Here are five steps to turning lots of raw, unfiltered data from your service event management process into reliable, actionable big data and ultimately a competitive advantage

1. Start by defining the business problem or question you are trying to solve

To achieve effective BI insights, start by defining the business decisions it will drive rather than requesting information for information’s sake. For example, if your goal is to realize cost efficiencies, rather than asking for a report into the average repair cost of your assets, consider that a report identifying your five most expensive assets might be more insightful and actionable.

2. Identify the data elements and information sources required

Next, identify the specific data elements that you need to capture in a consistent and reliable way to inform your BI-driven decisions. Going back to trucking, this data could include information on the life service history, diagnostic data, or use of industry standard reporting metrics (VMRS) to identify the complaint, cause and corrective actions

3. Define a standard operating procedure (SOP) to ensure the right data is captured

Not all data is equal. Consider this example. A repair on an asset is logged as a “brake job.” That doesn’t tell you much. What was done? Were brake pads replaced? Was there a diagnostic fault code? Where in the process is the optimal time to capture the required data? Spend some time reengineering your processes and technologies and define a SOP to ensure that you’re capturing the right information for reporting purposes.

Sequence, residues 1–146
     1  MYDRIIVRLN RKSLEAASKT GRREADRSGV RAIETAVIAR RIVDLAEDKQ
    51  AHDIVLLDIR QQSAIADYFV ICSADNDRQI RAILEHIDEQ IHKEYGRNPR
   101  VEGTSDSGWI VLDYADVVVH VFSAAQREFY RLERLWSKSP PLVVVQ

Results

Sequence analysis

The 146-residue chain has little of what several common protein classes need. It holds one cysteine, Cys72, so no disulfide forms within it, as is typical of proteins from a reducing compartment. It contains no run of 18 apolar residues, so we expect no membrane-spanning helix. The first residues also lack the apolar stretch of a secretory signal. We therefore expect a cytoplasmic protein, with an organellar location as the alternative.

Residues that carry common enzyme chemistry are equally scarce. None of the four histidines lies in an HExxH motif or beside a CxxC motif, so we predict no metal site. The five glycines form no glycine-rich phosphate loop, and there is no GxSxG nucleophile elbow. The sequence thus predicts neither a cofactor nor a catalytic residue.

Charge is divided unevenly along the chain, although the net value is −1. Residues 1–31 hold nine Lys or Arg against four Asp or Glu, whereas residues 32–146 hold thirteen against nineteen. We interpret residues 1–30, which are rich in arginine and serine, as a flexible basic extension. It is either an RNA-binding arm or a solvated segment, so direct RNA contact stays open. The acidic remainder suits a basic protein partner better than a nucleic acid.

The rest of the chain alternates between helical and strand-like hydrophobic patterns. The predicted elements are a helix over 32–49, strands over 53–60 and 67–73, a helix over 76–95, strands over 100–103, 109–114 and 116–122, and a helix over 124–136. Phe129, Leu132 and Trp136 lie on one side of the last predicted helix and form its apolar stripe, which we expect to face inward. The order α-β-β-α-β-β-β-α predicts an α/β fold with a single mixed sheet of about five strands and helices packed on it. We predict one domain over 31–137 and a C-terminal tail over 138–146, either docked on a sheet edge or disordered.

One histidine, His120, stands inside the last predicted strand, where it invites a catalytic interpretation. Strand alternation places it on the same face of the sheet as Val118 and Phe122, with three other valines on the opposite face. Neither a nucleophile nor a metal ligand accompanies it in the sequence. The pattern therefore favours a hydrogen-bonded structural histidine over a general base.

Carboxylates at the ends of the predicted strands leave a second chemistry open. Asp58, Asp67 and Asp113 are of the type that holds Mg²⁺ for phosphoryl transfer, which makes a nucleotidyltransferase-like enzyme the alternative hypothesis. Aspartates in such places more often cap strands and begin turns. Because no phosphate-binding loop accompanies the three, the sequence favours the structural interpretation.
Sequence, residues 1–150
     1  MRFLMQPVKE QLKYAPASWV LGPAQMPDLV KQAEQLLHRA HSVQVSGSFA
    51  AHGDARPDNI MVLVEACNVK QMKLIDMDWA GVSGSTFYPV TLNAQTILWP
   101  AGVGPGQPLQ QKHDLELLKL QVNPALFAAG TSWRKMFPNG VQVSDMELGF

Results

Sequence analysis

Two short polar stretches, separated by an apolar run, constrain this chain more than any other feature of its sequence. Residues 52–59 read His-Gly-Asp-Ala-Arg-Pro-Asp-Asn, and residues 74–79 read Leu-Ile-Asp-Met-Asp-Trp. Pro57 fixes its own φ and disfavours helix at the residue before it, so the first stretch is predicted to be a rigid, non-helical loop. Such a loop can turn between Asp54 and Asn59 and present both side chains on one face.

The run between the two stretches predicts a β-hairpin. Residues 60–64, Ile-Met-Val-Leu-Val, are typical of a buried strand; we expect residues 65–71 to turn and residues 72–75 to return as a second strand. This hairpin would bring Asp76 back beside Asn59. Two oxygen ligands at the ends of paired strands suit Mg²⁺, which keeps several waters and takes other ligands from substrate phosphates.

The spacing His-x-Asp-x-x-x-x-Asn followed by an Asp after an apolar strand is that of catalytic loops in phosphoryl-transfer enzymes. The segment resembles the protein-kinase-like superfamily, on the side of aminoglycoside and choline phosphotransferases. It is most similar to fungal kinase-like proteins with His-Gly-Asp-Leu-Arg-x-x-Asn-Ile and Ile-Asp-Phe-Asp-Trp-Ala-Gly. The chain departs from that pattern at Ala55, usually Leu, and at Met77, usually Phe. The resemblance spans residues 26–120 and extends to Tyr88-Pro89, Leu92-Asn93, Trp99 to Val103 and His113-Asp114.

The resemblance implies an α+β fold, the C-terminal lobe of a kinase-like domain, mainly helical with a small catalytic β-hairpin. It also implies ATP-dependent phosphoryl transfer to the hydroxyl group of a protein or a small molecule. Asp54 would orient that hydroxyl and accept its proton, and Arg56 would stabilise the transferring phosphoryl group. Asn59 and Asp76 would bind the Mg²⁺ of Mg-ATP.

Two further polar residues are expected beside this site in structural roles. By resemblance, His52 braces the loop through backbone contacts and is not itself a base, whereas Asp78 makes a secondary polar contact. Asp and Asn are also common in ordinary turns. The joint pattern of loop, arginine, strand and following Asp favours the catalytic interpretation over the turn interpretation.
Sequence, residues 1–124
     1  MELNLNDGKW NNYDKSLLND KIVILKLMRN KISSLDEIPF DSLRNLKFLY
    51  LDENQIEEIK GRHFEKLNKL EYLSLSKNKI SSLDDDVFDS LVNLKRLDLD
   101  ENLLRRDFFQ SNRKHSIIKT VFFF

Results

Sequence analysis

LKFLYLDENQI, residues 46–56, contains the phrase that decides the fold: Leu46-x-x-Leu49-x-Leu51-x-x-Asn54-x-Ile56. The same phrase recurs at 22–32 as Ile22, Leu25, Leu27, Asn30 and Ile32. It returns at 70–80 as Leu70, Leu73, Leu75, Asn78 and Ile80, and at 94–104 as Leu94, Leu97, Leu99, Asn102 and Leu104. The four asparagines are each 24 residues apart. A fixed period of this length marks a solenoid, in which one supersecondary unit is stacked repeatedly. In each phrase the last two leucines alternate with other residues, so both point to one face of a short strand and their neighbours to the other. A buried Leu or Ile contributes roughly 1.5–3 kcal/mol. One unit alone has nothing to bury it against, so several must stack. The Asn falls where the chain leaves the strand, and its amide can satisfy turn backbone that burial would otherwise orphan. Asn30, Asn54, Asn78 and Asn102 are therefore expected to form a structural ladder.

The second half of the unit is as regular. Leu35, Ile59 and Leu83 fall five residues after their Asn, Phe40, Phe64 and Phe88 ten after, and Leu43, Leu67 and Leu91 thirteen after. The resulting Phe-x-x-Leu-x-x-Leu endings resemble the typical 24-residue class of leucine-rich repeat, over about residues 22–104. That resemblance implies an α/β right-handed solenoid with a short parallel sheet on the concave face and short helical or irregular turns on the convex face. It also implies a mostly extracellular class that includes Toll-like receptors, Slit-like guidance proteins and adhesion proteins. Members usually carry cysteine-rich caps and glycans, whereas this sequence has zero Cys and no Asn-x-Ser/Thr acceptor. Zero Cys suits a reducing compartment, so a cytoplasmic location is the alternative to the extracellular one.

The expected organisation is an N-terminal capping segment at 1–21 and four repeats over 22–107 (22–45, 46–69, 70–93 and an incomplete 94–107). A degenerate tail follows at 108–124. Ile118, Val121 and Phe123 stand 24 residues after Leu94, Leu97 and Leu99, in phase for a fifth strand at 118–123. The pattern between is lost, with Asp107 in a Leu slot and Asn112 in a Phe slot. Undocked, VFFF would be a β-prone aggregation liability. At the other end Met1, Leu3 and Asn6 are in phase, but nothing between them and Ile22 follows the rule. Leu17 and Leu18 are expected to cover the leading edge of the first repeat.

4. Utilize real-time notifications for event-based issues

Real-time notifications during a repair provide the opportunity to intervene with a course correction. Instead of a repair job taking 4 days to complete, could a shorter downtime be achieved if you had the real-time insight to intervene and trigger a course correction during that repair window? Identifying key risk thresholds around your key data elements can help alert you before a small problem becomes a big one.

5. Define a standard set of reports based on your target KPIs

While it may seem obvious to do, many people forget to measure success and compare progress against a baseline. Downtime, preventative maintenance currency (including number of breakdowns between PMs), frequency and cost of operations based on VMRS codes are a good place to start.

With the right technology, such as SRM, transportation managers and other commercial asset owners have the opportunity to dynamically link the assets, people, process, technology and content to improve their service and repair management.  The result is a host of business benefits including enhanced decision-making, transparency and accountability, ecosystem-wide data sharing, and real-time alerts and after-the-fact data analysis. Last, but by no means least, it also makes people’s working lives simpler, more rewarding, and more productive.